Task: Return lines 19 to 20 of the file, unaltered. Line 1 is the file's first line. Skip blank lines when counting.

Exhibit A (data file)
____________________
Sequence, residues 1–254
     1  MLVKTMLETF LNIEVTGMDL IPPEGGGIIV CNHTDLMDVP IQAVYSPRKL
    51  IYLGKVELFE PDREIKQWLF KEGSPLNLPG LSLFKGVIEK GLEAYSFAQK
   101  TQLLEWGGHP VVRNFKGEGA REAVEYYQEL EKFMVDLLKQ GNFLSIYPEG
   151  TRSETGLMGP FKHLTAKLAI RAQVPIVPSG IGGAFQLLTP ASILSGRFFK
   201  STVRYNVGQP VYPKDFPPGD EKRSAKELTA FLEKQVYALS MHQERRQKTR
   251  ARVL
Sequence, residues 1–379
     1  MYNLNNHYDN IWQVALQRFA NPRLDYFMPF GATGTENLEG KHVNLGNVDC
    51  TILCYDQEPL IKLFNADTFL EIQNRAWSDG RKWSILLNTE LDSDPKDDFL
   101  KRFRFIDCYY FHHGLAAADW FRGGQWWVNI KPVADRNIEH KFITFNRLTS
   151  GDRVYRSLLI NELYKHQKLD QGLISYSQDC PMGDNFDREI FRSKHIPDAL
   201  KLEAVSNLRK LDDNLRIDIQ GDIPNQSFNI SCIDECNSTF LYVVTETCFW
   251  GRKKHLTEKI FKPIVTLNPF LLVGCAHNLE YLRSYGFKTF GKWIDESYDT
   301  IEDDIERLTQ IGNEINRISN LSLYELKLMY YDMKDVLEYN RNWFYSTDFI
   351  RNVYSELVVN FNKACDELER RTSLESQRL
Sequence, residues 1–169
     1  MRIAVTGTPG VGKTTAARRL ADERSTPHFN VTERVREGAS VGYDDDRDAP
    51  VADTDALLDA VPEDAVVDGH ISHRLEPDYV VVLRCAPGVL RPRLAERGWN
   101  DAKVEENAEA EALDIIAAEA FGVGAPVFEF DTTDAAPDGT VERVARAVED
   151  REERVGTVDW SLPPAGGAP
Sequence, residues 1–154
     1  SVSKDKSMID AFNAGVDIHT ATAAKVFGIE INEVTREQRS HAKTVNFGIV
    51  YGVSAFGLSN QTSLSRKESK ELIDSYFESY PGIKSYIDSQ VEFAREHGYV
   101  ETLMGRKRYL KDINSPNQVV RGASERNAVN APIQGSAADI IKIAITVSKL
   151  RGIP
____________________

    51  VADTDALLDA VPEDAVVDGH ISHRLEPDYV VVLRCAPGVL RPRLAERGWN
   101  DAKVEENAEA EALDIIAAEA FGVGAPVFEF DTTDAAPDGT VERVARAVED